He said in the report, “Estimates for potential solar capacity are also promising with the country enjoying average  global horizontal irradiance levels of 5.1 kilowatt-hours/m2/day  [and] biomass resources from agricultural residues are likewise available for industrial and household use.”

In July last year, Cusi, in an Energy and Sustainable Development webinar organized by the Ateneo de Manila University School of Government, affirmed government commitment to fully implement Republic Act (RA) 9513 or the Renewable Energy Act of 2008.

But, he said, this must be done alongside the tapping of other energy sources to ensure sufficient power capacity in the entire Philippine grid, apparently referring to the continued applications for coal-fired power plant projects in parts of the country, including previously energy-plagued Mindanao.

“I fully support the development and utilization of our renewable resources—but without sacrificing the attainment of our energy security,” he added.

Later in November of 2020, Cusi told an online discussion with other ministers and high-ranking government officials in Southeast Asia that the government will pursue a clean energy or low-carbon scenario in the future: “There will be a slower growth of the total primary energy supply (TPES), as a result of the country’s energy efficiency and conservation measures.”

The energy chief added, “Coal and oil shares will also continue to decrease due to the use of alternative fuels for transport, among others.  This also translates to a power generation mix that shifts from being coal-centered to one where RE, natural gas, and other emerging clean-energy technologies will have increased shares.”

He projected that combined clean energy sources would improve to more than 66 percent of the total generation by 2040.

According to Cusi, the DOE is coming out with the National Renewable Energy Program 2020-2040 to achieve the target of 34,000 MW of renewable energy installations by 2040. He also approved the updated Philippine Energy Plan (PEP) 2018-2040 to contain “the necessary adjustments that the country has to make because of recent global developments, including the impact of the Covid-19 pandemic on the energy sector.”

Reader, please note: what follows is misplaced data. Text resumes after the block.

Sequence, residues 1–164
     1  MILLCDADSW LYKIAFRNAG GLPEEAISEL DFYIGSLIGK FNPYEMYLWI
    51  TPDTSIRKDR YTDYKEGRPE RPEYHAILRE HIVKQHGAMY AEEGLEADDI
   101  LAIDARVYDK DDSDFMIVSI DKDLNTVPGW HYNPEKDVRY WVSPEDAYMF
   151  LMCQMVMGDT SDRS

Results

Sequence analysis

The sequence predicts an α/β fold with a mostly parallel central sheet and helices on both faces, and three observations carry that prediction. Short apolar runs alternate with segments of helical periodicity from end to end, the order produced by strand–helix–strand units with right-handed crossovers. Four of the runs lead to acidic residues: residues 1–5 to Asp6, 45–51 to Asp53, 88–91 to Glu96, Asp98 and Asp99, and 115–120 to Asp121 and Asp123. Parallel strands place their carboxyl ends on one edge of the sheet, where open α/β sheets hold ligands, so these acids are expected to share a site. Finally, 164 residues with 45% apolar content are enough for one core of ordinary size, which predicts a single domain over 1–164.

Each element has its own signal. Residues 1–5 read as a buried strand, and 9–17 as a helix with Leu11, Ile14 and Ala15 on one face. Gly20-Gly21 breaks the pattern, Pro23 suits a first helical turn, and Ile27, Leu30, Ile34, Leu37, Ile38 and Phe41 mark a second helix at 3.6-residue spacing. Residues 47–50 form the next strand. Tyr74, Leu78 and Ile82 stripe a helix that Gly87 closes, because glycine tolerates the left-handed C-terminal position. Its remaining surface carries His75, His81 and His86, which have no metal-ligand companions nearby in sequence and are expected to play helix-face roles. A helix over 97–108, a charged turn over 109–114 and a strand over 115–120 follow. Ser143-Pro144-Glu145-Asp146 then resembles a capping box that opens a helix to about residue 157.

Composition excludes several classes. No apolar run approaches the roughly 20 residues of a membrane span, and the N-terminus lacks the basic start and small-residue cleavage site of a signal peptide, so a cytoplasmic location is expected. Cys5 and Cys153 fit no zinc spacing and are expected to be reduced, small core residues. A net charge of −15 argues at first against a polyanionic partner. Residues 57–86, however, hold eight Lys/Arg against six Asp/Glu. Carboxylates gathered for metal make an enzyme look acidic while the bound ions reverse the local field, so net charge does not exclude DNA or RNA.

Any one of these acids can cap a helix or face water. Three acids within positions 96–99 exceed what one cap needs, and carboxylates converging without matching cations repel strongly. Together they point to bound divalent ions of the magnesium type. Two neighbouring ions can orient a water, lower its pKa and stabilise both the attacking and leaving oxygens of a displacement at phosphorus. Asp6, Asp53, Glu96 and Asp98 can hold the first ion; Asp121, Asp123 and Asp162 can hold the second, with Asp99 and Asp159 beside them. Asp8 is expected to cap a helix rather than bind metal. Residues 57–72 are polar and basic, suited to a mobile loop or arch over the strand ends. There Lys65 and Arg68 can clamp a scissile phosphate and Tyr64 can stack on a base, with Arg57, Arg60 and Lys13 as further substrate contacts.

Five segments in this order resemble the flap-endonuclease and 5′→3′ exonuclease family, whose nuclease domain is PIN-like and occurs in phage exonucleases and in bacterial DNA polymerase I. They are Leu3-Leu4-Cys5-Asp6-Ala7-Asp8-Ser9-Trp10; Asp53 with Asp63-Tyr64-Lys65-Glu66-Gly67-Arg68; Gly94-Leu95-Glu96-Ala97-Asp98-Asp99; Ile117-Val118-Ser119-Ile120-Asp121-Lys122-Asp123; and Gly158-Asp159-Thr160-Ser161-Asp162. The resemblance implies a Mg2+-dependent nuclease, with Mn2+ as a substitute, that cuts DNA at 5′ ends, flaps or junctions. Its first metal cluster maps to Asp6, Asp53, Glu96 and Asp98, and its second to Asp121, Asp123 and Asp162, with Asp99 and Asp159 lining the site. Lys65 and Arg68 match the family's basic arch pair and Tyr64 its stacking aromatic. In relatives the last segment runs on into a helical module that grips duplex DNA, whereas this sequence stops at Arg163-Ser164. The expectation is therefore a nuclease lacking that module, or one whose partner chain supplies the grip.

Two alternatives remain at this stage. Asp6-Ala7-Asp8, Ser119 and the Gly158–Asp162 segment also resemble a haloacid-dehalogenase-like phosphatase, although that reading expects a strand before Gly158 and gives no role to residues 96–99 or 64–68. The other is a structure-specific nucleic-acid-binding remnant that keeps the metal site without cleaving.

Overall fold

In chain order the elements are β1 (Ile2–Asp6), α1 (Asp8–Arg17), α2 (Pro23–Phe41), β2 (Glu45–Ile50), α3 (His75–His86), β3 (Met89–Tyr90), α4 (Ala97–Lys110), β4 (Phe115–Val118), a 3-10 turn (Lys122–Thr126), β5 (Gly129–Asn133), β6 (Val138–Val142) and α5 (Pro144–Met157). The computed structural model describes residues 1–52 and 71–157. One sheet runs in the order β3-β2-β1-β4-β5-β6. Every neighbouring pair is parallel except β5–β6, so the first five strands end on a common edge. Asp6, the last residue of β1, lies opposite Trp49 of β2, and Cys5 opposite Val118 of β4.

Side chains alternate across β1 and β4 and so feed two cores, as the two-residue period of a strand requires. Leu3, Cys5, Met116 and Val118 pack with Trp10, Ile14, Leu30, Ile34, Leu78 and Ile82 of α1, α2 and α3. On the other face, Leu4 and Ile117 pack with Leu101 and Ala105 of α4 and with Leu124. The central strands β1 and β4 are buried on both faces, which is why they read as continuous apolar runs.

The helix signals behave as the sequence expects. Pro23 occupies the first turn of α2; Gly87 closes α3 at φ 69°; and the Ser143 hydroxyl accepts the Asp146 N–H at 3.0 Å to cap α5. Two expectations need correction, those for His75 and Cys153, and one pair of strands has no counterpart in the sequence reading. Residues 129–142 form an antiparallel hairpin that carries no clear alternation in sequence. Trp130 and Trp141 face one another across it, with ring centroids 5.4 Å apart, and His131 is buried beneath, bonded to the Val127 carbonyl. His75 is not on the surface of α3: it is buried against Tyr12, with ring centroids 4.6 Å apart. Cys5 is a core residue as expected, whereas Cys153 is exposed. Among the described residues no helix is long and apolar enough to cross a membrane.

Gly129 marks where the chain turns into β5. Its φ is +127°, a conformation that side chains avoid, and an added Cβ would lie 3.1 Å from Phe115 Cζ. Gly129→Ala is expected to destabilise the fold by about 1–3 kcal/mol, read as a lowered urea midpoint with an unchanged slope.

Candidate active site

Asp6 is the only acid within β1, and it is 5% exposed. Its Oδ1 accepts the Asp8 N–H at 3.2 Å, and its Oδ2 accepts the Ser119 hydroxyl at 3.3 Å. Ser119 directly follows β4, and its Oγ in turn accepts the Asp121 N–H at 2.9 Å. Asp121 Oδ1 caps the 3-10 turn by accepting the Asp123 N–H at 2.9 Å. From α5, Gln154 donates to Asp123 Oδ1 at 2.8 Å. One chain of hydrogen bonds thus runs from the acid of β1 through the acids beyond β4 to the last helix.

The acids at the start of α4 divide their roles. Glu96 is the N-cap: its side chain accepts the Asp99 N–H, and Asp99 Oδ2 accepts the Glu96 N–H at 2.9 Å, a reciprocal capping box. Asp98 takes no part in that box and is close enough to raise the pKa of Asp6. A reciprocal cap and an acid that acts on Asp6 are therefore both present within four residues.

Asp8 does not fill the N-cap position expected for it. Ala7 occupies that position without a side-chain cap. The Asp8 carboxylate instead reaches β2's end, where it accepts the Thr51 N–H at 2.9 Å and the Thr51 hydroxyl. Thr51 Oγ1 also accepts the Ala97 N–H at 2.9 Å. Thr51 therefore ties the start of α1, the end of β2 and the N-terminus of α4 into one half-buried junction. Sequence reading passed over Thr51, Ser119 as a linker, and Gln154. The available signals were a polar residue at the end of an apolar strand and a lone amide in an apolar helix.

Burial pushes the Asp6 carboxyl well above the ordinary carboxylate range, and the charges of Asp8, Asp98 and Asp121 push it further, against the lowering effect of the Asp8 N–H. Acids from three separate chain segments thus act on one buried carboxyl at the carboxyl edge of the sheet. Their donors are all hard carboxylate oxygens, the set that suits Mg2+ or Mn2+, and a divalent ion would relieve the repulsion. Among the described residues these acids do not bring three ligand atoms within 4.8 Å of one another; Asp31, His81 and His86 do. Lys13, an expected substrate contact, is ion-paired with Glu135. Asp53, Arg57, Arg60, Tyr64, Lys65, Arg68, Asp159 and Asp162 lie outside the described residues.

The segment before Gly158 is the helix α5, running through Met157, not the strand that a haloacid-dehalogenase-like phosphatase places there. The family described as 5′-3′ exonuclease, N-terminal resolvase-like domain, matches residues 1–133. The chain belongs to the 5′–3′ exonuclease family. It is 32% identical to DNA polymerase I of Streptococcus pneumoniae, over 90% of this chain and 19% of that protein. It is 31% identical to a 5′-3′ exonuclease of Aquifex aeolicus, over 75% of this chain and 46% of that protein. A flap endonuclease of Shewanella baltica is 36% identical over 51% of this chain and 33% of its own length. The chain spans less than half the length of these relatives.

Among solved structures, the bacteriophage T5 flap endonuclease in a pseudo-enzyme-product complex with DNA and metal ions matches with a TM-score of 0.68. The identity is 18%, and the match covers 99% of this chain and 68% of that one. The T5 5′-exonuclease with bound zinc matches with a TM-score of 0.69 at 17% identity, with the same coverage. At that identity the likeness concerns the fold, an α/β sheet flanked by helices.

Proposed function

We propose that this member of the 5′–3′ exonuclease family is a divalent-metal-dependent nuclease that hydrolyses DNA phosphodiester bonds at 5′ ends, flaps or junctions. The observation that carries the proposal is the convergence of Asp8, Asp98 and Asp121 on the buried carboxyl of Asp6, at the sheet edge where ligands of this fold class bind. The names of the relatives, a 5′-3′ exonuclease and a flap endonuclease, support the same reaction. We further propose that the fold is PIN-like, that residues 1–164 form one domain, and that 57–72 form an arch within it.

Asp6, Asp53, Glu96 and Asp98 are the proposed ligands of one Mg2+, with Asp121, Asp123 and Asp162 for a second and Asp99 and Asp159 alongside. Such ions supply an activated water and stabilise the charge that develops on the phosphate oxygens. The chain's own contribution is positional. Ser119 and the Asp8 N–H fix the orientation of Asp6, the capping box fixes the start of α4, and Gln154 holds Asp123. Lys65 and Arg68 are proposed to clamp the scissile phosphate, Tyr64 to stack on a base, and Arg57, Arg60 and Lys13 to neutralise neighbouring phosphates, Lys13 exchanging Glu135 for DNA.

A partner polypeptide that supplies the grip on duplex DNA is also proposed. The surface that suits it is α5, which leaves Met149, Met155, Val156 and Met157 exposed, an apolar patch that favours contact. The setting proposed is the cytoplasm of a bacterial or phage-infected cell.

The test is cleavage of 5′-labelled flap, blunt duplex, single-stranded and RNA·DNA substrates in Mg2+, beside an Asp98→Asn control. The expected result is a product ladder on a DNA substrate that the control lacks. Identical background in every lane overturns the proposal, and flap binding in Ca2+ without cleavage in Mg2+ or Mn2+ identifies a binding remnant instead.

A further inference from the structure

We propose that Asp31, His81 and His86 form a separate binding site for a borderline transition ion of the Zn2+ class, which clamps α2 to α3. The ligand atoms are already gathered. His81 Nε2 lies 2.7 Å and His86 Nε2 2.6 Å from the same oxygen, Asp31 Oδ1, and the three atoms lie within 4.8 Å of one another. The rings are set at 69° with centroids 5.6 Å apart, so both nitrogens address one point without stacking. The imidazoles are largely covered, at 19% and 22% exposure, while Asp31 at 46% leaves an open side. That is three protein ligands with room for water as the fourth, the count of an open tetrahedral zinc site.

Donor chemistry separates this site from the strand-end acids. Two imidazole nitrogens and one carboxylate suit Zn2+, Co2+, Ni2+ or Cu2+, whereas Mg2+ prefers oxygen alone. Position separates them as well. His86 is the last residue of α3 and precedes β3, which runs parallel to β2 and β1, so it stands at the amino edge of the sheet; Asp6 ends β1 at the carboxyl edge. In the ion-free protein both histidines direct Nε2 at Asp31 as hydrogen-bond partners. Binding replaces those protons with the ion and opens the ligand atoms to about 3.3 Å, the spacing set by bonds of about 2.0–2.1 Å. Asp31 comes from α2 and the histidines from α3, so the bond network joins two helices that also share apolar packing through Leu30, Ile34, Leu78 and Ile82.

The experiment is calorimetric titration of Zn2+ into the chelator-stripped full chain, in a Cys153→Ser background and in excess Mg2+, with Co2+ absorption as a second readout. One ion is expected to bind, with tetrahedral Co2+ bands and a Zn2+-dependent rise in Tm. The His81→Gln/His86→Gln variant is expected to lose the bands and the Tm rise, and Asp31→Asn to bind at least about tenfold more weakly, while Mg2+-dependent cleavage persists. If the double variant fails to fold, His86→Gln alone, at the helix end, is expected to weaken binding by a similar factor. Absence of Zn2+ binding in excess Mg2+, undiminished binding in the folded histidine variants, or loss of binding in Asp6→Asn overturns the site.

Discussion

Cusi said he submitted these to the House of Representatives and the Senate. “The updated version will help the energy family and our stakeholders better understand what the energy situation will be 20 years from now.”

Develop Sulu

To Elliott, it would be the privilege of EWC to help develop clean energy sources for the country, and to develop economically this part of the Philippines that have wallowed in poverty and lack of opportunity.

If given the go-ahead, he said, the company would be able to proceed faster than “the natural long route of exploration and construction because the data and discovery are already there.”

“Sulu, or even Mindanao, would opt not to export the deposits elsewhere out of the country, or to share them only with the rest of the country. That’s their option that we will respect,” he said.

Their hub terminal in Pagbilao would be used only to accommodate the big tankers from outside and to ship the supply to the rest of the Philippines. Or, this may be used to get the extra supply from Sulu to be shipped to other areas of the country.

Image credits: Gagarych | Dreamstime.com